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Enough Already with Over-Friendliness

No one likes to be overly scrutinized, especially with a sales person with a monthly overdo mortgage payment. Customers become distant when sales people invade their personal space without any regard to timing, reciprocated trust and rapport. Conventional sales people often fault by being needy and wanting to connect too fast before it is earned. Trust needs to be earned incrementally.

Too often mainstream sales people invade personal space with unsolicited aggressive friendliness. Customers will gladly let you tread on their personal space if you bring true substance and context to the equation, assuming they trust you.

Where sales people fault is by defining their version of what is meaningful before they let their customers vocalize their own unique rendition. Customers consistently object the most when you invade their personal space superficially with obligatory, unearned and aggressive friendliness and irrelevant selling points.

Customers and sales people on a psychological level are all struggling with the same material; fear, desire, inadequacy, frustration control, etc. Once you realize this and you come to terms with it, you drop your guard, you put your ego aside and you let your customer get their psychological needs met first knowing your same needs will be met in short order if it is a good fit for both parties. You give up control to ultimately gain control. In order to accomplish this you need to be very grounded and secure to put yourself out there without the proverbial safety net.

Empathy is the most underutilized and underdeveloped skill set for conventional sales people in the information economy. It is the cornerstone of the non-selling posture, as opposed to putting on a superficial happy face and being friendly. Enthusiasm, excitement and charming personalities are the most over-utilized and least productive skill sets and characteristics.

However, if you are going to spend 80% of your time allocating product information and selling features and benefits you might as well be enthusiastic and excited since it will not bring much excitement (positive results) on the back-end. It will at best work a minimum of times. On the other hand, when you spend 80% of your time getting information about customer's pressing troubles, you are best served doing it with quiet humility, understatement, social intelligence, empathy and compassion.

Sales people's personal ambitions get the best of them. The sales person who embraces the non-selling posture leaves their personal agenda, goals and ambitions in the office, because when you are face-to-face with customers you need to have razor focus on their ambitions and the hurtles to achieving them, not yours.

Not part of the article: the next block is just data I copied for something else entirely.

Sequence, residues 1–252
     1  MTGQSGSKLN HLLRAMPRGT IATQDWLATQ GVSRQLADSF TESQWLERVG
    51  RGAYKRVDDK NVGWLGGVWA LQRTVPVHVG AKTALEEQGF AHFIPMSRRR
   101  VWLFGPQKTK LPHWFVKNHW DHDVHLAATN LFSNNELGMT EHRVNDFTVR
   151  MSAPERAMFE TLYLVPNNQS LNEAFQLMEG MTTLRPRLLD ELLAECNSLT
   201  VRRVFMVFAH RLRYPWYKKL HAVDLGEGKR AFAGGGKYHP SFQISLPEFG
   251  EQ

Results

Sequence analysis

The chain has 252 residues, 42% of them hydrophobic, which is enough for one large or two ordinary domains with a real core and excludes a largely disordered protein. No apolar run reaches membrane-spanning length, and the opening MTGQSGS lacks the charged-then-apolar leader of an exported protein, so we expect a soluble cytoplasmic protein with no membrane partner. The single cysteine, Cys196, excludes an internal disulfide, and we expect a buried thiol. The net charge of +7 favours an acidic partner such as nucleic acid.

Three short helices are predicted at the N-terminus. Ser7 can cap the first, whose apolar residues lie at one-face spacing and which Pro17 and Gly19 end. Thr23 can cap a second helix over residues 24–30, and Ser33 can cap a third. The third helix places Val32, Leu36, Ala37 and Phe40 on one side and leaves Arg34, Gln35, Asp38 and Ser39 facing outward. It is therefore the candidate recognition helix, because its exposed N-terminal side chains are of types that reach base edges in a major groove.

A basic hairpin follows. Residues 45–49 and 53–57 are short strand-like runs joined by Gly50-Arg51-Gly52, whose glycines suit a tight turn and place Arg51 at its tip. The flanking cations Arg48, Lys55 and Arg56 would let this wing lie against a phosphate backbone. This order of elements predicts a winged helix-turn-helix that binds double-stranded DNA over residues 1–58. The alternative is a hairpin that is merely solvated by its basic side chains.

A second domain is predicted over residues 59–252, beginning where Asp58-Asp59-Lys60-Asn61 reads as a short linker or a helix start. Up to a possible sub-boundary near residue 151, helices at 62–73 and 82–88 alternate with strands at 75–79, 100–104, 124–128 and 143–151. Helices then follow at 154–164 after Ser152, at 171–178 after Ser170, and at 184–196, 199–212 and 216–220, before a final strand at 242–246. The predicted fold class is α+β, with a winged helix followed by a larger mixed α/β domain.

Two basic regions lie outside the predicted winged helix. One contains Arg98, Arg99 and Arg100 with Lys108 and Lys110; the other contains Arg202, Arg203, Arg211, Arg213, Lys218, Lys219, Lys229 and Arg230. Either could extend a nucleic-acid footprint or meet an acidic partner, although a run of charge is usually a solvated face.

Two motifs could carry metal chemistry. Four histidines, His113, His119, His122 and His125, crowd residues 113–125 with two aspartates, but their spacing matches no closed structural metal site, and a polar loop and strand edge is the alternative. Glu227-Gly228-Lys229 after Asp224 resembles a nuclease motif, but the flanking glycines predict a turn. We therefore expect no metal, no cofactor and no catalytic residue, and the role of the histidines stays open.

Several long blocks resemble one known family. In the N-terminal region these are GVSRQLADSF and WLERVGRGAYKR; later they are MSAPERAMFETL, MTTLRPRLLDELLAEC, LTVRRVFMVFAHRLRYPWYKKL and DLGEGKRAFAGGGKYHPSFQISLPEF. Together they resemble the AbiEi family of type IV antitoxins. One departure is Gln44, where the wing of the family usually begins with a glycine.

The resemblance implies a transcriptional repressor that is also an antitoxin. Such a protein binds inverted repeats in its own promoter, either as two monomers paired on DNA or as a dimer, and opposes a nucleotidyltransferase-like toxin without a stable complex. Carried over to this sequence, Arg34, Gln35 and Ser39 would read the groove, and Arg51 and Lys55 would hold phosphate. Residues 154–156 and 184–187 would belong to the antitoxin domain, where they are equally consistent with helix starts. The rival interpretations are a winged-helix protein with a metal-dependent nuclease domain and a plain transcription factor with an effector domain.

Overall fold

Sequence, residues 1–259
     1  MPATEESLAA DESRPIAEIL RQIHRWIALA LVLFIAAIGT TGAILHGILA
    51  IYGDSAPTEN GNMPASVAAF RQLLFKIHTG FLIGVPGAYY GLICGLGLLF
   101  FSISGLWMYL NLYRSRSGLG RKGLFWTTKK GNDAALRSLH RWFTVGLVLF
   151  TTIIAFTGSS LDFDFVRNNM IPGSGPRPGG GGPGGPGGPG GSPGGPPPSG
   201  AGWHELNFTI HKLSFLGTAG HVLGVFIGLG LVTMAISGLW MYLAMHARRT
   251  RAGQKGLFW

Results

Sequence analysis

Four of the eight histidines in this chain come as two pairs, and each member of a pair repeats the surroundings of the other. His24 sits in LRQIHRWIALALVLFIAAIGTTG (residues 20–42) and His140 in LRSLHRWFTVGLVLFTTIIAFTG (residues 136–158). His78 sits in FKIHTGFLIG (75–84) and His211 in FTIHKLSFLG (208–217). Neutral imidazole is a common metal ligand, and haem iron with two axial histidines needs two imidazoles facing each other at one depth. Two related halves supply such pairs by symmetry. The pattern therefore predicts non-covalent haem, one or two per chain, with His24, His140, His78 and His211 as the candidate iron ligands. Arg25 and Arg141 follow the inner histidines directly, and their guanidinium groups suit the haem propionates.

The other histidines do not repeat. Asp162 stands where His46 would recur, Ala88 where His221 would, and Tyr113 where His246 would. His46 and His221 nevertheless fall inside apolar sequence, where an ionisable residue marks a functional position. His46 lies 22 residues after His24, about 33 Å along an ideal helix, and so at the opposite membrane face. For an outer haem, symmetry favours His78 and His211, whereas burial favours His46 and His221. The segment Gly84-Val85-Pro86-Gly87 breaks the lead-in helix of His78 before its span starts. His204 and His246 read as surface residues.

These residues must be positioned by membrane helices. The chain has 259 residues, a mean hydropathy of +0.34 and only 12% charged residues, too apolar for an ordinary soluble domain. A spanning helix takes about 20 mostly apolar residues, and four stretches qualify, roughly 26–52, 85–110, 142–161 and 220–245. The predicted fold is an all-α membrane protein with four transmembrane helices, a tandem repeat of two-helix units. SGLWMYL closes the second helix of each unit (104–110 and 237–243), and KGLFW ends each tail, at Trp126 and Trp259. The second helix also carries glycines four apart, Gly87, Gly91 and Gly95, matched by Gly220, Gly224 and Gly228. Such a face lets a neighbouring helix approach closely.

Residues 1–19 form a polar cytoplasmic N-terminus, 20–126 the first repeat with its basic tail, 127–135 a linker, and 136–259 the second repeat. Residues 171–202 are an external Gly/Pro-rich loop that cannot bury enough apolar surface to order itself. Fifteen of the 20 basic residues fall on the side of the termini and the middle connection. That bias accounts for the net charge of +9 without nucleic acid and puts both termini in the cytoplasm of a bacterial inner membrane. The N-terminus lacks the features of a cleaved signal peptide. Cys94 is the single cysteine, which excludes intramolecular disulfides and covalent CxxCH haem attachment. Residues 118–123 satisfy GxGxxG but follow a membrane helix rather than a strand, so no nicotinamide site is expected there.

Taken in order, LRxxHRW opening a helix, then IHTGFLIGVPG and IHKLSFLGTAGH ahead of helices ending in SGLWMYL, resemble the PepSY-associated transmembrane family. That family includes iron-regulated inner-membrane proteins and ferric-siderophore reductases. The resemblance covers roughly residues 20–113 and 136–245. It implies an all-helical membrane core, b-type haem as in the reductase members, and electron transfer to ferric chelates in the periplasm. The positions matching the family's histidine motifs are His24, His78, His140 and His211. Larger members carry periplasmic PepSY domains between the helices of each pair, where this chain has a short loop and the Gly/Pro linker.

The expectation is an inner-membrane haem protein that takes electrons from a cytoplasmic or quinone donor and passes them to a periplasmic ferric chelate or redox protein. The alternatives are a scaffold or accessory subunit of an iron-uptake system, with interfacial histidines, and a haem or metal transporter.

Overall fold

"The problem is that most people tend to think in absolutes. In the mind of people with rigid thinking, opposites must be exactly that...opposites. They have difficulty allowing failure and success...yes and no...to co-exist on the same end of their performance spectrum. It's a very western point of view. In the East, failure and success are intermingled. You must stop thinking of success and failure as being opposites. They actively rely and depend on one another," says Richard Walty.

Not allowing for negative news or "no" answers, and always going for the yes outcome is a main source of the dubious reputation that mainstream sales people shoulder. It is a strategy that is flawed and totally unrealistic.

"Always be leaving. Always calculate into your follow up strategy all the customers you could be possibly selling that you are not because you are tied up chasing phantom, dead deals. Sales people hang on to a customer like a bulldog on a postman's leg," says Jeff Thull. Always pack light and be prepared to walk. Maybe not as severe as at the drop of a hat, but you get the idea.

The non-selling posture is built on the foundation that infinite patience will produce immediate results; good or bad. The key is to maximize getting results and decisions efficiently. It is about yielding power, control, ego and emotional attachment to positive outcomes. These concessions are imperative if you want to get to the truth, find the customer's reality, unearth important information, leverage your time and differentiate yourself from your competition.

Richard Farrell is President of Tangent Knowledge Systems, a national sales development and training firm based in Chicago. He is the author of the upcoming book Selling has Nothing to do with Selling. He trains and speaks around the world and has authored many articles on his unique non-selling sales posture.

Phone: 773-404-7915
EMail: rfarrell@tangentknowledge.com
Web: http://www.tangentknowledge.com